The Politics of Self.
So now we have the aftermath of the United Kingdom General Election 2015 and being exposed to the diversity of feelings people people are experiencing up and down and across the British Isles I cannot help but think about what Diversity truly means and it's implications in our communities, wider society and within our own family and work life.
I have been on numerous Diversity training days which are usually bolted on to other conceptual training such as Anti-disciminatory Practice, Equality, Oppression and how us and our employers can tick the box that we are now Diversity and Culturally aware ! Easy !
Yet Diveristy is more complex and more challenging and to really understand diversity in practice and to really challenge our own attitudes and beliefs is in itself a lifetimes work.
Our beliefs generate our thinking and our behaviour, and these beliefs are instilled from what we are exposed to - from when we pop into the world.
The family we are raised within, the communities we live in, the churches we are brought up in, or not, the friends we play with, the teachers we learn from, the programmes we watch, the books and magazines we read all have a bit of input into what is right and wrong, our taboos and permissions, our justifications and rationalisations of our and others behaviour.
We have an opinion, we may even believe that our opinion is the only right opinion. Our truth becomes the only truth, that everyone else is wrong and should adopt our opinion - our belief and our truth.
Isn't this what fuels all of the wars in this world since time began ?
We try and manipulate others into adopting our beliefs, sometimes subtle, sometimes forcefully.
We get angry, we sulk, we punish, we may become compliant through coercive control when we fear the heavy hand of those in positions of power who yeild the ability to destroy us - either physically, socially, emotionally, financially.
The spirit of diversity should be of accepting difference - of opinion, of experience, of beliefs without nihilation, punishment, segregation, humiliation.
I hear the angry cries of those who are fearful that the elected politica will punish and annihilate and abuse this power. Personal survival instincts come into play - to fight for what we feel is right.
As a therapist my clients bring these same issues to the counselling room - tensions in the workplace, disharmony in the home, internal conflict where personal beliefs are being compromised, having to comply and adopt attitudes and behaviours which are not their own and which they do not believe in as a way to survive.
The impact on the person is devastating. To endure such environments as part of everyday life eventually takes it's toll and it erodes us mentally, physically and spiritually.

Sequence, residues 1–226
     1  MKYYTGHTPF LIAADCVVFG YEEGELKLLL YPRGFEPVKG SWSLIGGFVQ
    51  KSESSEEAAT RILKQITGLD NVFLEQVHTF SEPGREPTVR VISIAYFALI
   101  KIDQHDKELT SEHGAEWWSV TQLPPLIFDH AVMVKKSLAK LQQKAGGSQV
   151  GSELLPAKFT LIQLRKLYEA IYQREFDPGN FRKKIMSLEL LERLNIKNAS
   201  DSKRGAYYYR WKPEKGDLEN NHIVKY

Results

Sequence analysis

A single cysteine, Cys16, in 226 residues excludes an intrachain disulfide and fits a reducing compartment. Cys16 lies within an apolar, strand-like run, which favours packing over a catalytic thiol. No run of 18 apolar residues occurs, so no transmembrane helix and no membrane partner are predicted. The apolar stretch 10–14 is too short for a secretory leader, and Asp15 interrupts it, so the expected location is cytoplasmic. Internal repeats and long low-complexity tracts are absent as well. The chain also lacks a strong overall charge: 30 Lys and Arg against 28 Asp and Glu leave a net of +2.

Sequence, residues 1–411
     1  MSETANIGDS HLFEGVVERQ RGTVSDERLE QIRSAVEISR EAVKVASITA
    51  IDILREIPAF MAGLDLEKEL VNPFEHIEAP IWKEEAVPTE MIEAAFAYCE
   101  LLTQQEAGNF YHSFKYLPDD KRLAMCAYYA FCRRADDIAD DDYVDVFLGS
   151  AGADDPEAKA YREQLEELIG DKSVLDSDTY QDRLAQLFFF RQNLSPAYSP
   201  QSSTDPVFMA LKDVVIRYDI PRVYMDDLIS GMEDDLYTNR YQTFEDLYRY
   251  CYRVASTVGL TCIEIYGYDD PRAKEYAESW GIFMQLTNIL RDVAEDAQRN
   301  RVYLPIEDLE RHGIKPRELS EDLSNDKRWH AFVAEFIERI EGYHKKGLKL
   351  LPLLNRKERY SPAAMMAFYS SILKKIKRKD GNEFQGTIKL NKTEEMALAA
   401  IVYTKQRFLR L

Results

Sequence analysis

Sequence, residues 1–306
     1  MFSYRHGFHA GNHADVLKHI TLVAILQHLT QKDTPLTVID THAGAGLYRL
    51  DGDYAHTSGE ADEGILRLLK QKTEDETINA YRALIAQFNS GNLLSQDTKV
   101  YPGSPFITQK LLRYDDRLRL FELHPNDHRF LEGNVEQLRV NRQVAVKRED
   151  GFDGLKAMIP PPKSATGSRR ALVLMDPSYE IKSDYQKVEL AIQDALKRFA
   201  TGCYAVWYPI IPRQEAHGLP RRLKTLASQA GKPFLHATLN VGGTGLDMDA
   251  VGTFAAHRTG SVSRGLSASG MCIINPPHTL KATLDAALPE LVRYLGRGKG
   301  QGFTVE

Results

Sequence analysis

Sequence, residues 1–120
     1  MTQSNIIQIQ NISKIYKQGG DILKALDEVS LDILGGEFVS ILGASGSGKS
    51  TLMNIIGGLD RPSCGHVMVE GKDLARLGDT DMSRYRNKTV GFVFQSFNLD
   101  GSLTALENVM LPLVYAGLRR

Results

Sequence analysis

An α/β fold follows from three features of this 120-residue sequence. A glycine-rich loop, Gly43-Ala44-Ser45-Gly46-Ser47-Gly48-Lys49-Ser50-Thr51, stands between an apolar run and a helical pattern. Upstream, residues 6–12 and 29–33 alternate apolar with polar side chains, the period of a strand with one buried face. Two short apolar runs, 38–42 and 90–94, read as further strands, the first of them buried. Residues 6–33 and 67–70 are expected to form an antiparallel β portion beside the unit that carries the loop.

I see people present as 'depressive' 'anxiety disordered' and addicted to all kinds of substances and behaviours as a result of trying to survive in such situations.
Yet what needs to happen is to change what we can - ourself and our relationship to what is going on.
We avoid change as a way of avoiding what we fear will be other emotional, social, financial consequences.
When we make desicions to change and act according to our beliefs there can be consequences - we may lose some people along the way who feel rejected - sometimes they needed to be lost anyhow but still we put our needs for security in the familiar first - and how we suffer.
Codependency is not just about how we operate in our intimate relationships and within our families but also about how we relate to the world in general and my own experience as a therapist and from life has brought me to believe that codependency is a killer - either through addiction and depression or suicide and in the extreme but not uncommon act of homocide.
The solution is to find our autherntic selves and the courage to direct our actions accordingly. This is what causes our internal dilemmas - we have been actors playing the part for so long we may have forgotten who we really are or we may never have truly known who we are and what we believe in the first place.
What a great thing to do - to discover the essence of our being and to develop the courage to face the challenges of becoming authentic.
As we begin to feel comfortable in our own skin we can then start to accept others for who they are and what they believe in, to show compassion empathy and understanding for where others may be on their journey with the acknowledgment that we do not hold the monopoly in having the ability to change.
As a humanitarian I have developed the acceptance of self, to recognise what I believe in and not the set of beliefs I was brought up in without having to force my opinion on others with a disregard for their right to believe in whatever the choose.
My responsibility is to make sure I have my own boundaries in place when the beliefs and actions of others directly impact on me. I have found the balance of pushing my opinions onto others in an aggressive disrespectful way and being coerced, controlled and manipulated into a life of passivity and a self-esteem which as a result of feeling ashamed I have not spoken up or alloowed myself to be treated without dignity and self respect.
The elections have given me an insight into the political and personal beliefs of many friends and acquaintances and I hope that we can continue to treat each other with such respect as is deserving to all of us - and hoping that for those who do not treat others with the same a change of heart may come soon.